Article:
When they are with your buddy, resist the urge to have a nap. Instead, head off on a purposeful shopping trip.

Kids can get involved in decorating the house or stringing popcorn for the tree.

If you are sending cards the old-fashioned way, little kids can stamp and close envelopes. Your older kids can address the cards and you may find your geek child will develop a database and print out address labels or print directly onto the envelopes. And your toddler can be lifted to the mailbox to send the cards on their merry way.

They love to bake and Christmas cookies are the best of all because they can be in fun shapes and have sprinkles on them. How cool is that?

Preschoolers can stir together dry ingredients, drop in chocolate chips and spread sprinkles on before baking. Don’t worry if they don’t look perfect. What will be perfect is the excitement of the child as she tells family and friends that she baked the cookies.

And, as a bonus, preschoolers who help become ten-year-olds who do the baking.

Have your children decorate the tree. Like the cookies, it’s not about it looking Martha Stewart perfect; it’s about it being the embodiment of the children’s vision. And yes it will be a bit bottom-heavy with decorations but if you ask nicely the kids will be happy to have you place some baubles and lights on the higher branches.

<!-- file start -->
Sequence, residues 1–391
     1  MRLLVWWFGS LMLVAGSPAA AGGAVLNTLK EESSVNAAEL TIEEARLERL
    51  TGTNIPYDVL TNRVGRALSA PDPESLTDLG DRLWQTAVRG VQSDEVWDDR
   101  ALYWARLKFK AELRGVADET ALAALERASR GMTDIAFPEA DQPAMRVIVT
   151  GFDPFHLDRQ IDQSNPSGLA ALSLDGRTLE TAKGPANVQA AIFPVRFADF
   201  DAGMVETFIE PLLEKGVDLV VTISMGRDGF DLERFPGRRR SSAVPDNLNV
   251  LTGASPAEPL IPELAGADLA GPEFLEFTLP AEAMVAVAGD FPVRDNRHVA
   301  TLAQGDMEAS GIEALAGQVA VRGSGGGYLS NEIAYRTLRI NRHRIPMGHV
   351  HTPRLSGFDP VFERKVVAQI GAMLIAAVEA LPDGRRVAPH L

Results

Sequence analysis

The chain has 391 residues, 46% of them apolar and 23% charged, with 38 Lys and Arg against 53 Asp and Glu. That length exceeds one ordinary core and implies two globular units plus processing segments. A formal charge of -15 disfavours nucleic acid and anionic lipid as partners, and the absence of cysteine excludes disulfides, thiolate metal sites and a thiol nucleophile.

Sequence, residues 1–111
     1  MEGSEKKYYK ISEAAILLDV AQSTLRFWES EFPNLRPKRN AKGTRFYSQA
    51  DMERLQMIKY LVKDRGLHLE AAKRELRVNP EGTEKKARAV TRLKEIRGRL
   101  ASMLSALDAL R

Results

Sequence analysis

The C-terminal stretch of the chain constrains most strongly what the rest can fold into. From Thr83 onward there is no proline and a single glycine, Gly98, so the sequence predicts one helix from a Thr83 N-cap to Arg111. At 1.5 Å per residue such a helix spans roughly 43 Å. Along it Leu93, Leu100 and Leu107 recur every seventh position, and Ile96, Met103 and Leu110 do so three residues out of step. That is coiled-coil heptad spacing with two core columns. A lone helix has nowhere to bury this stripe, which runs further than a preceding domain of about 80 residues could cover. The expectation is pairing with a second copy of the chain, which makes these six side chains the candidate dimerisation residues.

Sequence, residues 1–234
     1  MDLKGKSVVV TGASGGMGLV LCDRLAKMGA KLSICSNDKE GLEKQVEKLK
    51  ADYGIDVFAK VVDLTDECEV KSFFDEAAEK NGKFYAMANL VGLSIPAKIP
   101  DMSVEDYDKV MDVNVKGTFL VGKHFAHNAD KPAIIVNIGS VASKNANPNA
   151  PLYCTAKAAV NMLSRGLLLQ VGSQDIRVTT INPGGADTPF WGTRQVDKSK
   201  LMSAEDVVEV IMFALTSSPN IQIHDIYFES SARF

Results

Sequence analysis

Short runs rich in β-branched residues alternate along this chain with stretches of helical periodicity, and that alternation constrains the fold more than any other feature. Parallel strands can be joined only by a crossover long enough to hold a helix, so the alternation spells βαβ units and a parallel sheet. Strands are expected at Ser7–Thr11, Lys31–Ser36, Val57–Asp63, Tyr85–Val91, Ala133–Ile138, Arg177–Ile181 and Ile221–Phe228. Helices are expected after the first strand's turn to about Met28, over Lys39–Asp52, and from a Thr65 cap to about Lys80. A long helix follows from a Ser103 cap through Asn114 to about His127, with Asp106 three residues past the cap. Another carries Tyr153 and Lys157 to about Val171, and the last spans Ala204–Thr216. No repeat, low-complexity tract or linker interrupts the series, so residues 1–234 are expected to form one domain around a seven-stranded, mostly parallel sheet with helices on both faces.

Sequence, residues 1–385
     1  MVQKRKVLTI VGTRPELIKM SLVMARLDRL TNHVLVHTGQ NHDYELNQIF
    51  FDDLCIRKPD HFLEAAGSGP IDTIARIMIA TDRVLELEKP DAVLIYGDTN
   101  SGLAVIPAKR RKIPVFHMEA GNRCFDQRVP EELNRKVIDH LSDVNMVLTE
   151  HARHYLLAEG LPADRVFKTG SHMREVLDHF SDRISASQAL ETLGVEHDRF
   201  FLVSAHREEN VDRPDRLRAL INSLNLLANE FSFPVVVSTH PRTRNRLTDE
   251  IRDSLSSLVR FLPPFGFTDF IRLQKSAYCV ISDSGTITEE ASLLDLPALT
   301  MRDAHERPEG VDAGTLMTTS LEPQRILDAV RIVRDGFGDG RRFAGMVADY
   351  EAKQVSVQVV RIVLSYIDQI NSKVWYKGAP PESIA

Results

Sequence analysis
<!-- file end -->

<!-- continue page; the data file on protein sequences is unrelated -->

When you all work together it becomes a family happening rather than an overwhelming task. Work together and enjoy the preparation as well as the holiday.

Digital Books Make Parenting Information More Accessible.

There are times when digital is the perfect answer and let’s face, on a holiday having access to hundreds of books on one small tablet is ideal. I will have my kindle with me on the trip.

There are lots of times when a busy parent would like to be able to simply read and my books are digital and make it easier for you to take a look.

Two of my parenting books started as print versions but the third is only digital. The first two are also in digital format. Who’s in Charge Anyway? talks about roots. It provides a clear road map for parent to focus on the tough but rewarding job of raising children to be responsible, self-disciplined adults.

But Nobody Told Me I’d Ever Have to Leave Home talks about raising children to become capable young men and women.

Vive la Différence talks about kids with different temperaments.

I am told the books are down to earth and common sense as well as easy to read. If you want some basic parenting tips and information these books are a good place to start.

 How Can I Bring Kathy to My Community?

I offer keynotes and workshops, have written books and have ongoing newspaper columns, books, blogs and newsletters.And, no matter what the actual topic, they all share a basic value that I call:

P.U.R.E. Parenting.

P — is a parenting plan

U — is unconditional love

R — is respect for your child as he is right now

E — is encouragement

I look forward to working with you for your professional development, workplace wellness or parenting education event.